I decided this morning that a nice easy cycle-turf was the order of the day. My route, the Roslin to Shawfair cycle way. My thinking, no-hurry, no medals, no-stress about taking zones or not taking zones, just bimble happily along, stop somewhere for a picnic lunch and chill out. Take my time, look about, see the world and have a good time. Splendid. Rather than the usual blurb about taking this zone and that zone, this blog will be a photo blog, just for a change.
First photo is the one above. It’s the footbridge from the parking area at Rosin Glen that leads you up to Roslin Castle and Rosslyn Chapel, the latter famous from featuring in the 2006 movie, The Da Vinci Code, starring Forrest Gump. It’s an awkward footbridge with a bicycle. The metal steps are steep and the narrow handrail gap makes lifting the bike really difficult. On my first attempt, at night I might add, the handlebars clouted me in the face and the pedal raked my shin, drawing blood. Bugger!
This next photo was taken beside StripesZone, located to the north of Roslin, on a dirt farm track. The lovely dark-coloured yucky mucky stuff is run off from the manure heap in the background. Fine stuff for putting on your roses but not for cycling through on a wet day. Not only does it cling like to your bike like a very clingy thing that I cannot recall but it smells simply awful. Best avoided.
Next just one of the many graffiti murals at GraffitiZone, located under the A720 City of Edinburgh bypass. Is this a work of art of criminal damage? I’m of two minds on that topic. At least there some skill involved and it not just simply vandalism with gang tags. Today, I encountered a jogger, a rather large chap who was sweating heavily and while obviously trying to either keep fit or loose some very much not-needed weight, probably both, he did not look like he should be running at all. His face was beetroot red in hue and he was so far out of breath I was wondering when the heart attack would occur.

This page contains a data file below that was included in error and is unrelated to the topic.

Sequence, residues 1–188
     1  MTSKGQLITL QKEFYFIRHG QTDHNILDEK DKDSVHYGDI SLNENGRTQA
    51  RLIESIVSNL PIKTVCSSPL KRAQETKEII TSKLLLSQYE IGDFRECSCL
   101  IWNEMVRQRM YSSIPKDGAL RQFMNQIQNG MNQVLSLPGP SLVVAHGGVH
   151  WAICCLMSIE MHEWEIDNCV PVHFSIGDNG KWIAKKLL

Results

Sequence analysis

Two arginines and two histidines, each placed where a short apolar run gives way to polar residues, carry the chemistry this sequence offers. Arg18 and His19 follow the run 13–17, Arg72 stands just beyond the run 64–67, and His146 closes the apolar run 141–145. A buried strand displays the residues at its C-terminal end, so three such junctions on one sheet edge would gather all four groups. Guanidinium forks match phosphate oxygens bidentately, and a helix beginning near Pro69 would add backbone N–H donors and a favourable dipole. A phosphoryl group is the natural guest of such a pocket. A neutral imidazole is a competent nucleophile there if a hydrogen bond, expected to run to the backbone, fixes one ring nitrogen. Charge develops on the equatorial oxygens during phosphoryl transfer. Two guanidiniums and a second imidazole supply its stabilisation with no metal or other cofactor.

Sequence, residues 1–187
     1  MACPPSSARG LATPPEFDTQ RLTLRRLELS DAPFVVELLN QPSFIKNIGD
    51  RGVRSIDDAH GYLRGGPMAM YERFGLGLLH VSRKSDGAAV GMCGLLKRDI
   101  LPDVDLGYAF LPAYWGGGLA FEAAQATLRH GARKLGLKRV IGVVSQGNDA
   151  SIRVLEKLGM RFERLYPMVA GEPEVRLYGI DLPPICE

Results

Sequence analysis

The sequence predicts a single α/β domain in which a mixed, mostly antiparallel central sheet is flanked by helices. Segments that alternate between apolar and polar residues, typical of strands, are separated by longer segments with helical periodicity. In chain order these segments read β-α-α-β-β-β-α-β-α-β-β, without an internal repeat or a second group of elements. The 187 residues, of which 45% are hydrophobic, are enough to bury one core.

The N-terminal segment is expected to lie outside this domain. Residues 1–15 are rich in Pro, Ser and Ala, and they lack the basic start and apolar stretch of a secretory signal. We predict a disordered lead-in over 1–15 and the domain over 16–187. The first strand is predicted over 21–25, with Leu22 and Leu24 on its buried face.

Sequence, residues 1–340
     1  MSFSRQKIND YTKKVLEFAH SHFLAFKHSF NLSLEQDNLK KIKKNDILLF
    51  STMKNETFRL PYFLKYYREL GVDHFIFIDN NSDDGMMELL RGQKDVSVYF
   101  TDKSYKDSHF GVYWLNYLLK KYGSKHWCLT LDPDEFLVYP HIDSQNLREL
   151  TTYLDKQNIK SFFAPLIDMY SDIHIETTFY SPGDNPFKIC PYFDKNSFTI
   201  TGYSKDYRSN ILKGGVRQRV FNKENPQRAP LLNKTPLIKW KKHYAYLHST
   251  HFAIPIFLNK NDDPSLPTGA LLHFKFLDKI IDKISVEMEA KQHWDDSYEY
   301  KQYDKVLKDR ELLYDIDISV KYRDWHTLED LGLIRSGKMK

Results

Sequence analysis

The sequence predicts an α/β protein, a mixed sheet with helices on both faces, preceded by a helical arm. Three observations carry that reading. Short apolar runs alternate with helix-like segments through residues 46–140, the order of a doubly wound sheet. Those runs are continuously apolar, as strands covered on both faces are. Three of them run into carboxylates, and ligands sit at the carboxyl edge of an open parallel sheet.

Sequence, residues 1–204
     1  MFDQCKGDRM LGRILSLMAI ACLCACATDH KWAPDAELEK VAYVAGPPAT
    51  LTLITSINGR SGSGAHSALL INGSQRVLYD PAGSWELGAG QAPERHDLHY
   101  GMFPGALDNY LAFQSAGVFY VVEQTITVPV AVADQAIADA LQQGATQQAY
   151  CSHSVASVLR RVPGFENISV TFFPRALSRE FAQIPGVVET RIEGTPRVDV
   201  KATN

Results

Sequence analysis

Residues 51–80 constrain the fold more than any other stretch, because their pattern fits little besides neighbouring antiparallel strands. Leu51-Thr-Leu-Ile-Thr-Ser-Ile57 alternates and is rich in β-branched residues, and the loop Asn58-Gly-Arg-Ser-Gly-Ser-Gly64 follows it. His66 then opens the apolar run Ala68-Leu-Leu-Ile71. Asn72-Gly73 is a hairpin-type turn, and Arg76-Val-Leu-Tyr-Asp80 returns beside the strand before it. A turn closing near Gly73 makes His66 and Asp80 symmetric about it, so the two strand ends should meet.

Personally, I think you should lose the weight first, then start exercising. Losing weight is one of the few things in life where you actually gain something for doing less. Forget fancy diets plans, just eat less. It’s not rocket science. I’ve had this conversation many times and people often come up with all manner of reasons or excuses why they keep gaining weight or cannot lose weight. But at the end of the day, if you distill the idea of weight loss down to the smallest of components, it’s simply do or don’t. You either eat that extra slice of cake or you don’t eat that extra slice of cake. Yes or no, do or don’t. It really is a simple as that. We just make it complicated. Sorry, got a bit ranty there.
A quick geology lesson. The Kaim, a geological feature deposited when the ice melted at the end of the last Ice Age. Imagine a glacier, you know, a great muckle sheet of ice covering Scotland. Now, imagine a meltwater river flowing under the glacier. As it flows it picks up particles of silt, sand, small pebbles and larger cobbles, and this load eventually gets deposited on the bed of the river. Over time the riverbed increases in depth, eventually becoming many meters thick. Then after many, many, moons, all the ice melts and a narrow sinuous strip of sand and gravel are left, a kaim, also called as esker. Lesson complete. Your homework is to find out what a crag and tail formation is. Your clue is Edinburgh castle rock and the Royal Mile.
At zone WalkLasswade, there is a gate. It’s not a very nice gate as it has barbed wire wrapped along the top rail and the latch has been deliberately made difficult to operate. The barbed wire is not all that obvious but it suddenly becomes very obvious when you grasp the top rail firmly in your hand and get a nasty puncture wound. One might think the land owner here does not want turfers accessing his land. The sign on the gate might also suggest that. I have strong feeling that the barbed wire might get stolen one night by passing metal thieves. Oh dear, what a shame, never mind!
Our final photo of the day was taken at Lasswade Kirk. Dates back to 1280 AD, possibly even further back than that. As a fan of standing stones and stone circles, I could well imagine this as a sacred site in times long past. It’s well recorded that churches are often built on existing pagan sites, Christianising them as it were. The information board here has loads of stuff about different types of grave markers, for those interested. Right, photo blog finished, time for tea. Normal turf blog service will be resumed at a later date.
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